What Children Understand About Food Insecurity
Researchers have begun asking children about their households’ lack of food—and making surprising discoveries.
Starting midway through my sixth-grade year, off and on for three years, my mother and I were food insecure. This began when my mother left my father, then lost her job, the combination of which plunged us into temporary poverty—defined as less money than what you need to cover the basics, including food.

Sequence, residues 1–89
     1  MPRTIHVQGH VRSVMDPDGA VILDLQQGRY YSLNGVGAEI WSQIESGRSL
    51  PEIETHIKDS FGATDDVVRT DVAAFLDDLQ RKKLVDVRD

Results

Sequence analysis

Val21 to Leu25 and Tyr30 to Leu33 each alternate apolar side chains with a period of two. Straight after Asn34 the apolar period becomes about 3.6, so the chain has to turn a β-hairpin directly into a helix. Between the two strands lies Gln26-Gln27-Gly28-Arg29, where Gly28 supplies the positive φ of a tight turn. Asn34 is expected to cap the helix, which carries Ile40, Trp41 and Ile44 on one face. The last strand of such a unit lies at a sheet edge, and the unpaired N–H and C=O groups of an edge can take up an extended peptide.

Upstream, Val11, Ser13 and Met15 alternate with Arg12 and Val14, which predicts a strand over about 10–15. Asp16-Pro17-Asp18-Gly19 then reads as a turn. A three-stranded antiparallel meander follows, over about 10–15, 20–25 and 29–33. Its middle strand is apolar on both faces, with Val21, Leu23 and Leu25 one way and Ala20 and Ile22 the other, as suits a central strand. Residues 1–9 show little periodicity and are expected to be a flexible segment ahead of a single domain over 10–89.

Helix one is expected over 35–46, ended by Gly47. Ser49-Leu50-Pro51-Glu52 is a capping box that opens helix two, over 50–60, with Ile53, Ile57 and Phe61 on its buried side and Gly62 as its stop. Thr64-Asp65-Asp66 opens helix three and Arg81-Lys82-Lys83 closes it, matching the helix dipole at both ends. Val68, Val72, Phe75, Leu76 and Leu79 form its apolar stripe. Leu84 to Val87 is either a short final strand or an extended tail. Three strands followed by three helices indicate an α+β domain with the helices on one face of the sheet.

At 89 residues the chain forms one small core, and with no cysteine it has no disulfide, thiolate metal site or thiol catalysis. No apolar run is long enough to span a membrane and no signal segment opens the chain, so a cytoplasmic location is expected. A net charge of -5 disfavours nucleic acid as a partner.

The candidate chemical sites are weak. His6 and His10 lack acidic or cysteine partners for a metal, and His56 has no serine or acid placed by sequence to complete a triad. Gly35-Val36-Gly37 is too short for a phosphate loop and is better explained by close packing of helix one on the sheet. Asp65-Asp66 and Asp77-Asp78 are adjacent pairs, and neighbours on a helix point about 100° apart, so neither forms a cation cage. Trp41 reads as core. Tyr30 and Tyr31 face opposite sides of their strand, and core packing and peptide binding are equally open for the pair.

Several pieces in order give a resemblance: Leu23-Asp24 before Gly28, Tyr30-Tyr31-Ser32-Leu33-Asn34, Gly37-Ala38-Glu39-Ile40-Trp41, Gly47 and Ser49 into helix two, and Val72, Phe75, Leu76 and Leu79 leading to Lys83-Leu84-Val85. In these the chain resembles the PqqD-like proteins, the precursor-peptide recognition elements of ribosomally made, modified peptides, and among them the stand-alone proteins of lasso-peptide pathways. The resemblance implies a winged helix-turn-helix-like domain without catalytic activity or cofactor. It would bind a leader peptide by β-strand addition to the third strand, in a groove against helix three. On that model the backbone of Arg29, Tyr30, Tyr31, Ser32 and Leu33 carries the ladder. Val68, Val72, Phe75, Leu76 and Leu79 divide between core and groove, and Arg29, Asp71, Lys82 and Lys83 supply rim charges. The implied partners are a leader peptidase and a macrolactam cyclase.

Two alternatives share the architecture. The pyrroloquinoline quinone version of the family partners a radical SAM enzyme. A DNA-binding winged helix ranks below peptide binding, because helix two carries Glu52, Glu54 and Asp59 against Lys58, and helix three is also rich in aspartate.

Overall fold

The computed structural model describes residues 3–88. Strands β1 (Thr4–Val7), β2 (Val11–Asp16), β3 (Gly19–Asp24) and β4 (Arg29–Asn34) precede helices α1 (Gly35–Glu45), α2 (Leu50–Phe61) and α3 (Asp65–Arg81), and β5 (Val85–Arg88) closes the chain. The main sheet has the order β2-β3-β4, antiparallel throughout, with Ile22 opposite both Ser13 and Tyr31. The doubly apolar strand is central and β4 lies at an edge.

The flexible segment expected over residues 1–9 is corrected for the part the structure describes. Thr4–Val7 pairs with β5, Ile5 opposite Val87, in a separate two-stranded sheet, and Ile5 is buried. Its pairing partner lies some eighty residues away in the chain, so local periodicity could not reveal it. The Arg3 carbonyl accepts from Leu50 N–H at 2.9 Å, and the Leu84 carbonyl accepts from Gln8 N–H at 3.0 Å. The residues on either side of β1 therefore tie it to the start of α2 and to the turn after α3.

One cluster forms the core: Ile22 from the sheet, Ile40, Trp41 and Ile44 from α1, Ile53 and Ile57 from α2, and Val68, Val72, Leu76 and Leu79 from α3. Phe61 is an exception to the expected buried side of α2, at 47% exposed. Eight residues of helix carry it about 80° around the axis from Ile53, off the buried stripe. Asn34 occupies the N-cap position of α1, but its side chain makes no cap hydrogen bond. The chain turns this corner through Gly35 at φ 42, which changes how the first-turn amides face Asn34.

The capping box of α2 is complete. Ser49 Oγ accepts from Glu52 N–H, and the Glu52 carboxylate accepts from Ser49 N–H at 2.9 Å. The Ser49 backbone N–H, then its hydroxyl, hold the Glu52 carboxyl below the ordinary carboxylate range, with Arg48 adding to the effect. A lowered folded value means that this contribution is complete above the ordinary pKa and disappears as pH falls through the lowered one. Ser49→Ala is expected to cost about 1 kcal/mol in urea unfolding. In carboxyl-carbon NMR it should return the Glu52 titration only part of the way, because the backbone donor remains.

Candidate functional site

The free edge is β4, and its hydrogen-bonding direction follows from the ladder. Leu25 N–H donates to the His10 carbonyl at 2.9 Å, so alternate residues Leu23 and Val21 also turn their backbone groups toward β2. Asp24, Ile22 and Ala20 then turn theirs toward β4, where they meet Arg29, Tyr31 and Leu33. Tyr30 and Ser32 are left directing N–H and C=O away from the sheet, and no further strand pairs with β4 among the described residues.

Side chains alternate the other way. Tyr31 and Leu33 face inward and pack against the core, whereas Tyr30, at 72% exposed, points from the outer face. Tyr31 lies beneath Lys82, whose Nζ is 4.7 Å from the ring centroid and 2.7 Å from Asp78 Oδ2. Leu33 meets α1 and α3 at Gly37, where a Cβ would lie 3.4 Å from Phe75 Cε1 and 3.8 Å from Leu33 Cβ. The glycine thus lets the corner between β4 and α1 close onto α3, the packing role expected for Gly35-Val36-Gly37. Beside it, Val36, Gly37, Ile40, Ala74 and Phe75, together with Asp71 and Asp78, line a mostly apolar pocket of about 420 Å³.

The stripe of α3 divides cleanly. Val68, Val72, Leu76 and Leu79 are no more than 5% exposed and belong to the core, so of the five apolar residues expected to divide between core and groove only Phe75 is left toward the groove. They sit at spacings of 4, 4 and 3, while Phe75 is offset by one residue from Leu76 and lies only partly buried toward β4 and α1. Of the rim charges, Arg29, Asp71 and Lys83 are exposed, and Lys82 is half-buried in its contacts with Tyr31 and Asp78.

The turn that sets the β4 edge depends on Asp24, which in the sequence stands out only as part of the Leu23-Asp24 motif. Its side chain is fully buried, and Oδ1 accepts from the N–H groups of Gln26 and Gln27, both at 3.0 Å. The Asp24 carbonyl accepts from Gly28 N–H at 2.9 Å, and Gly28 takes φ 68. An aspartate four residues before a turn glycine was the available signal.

No one asked me about our diminished circumstances, but I certainly noticed that we’d gone from eating full food-pyramid dinners to eating beans on toast or scrambled eggs on toast or melted cheese on toast. I recognized the shame—my mother’s, which prevented her from talking about our situation; and my own, at being a burden to my parent. When I was alone and responsible for scrounging my own meals, I “helped” by skipping them.
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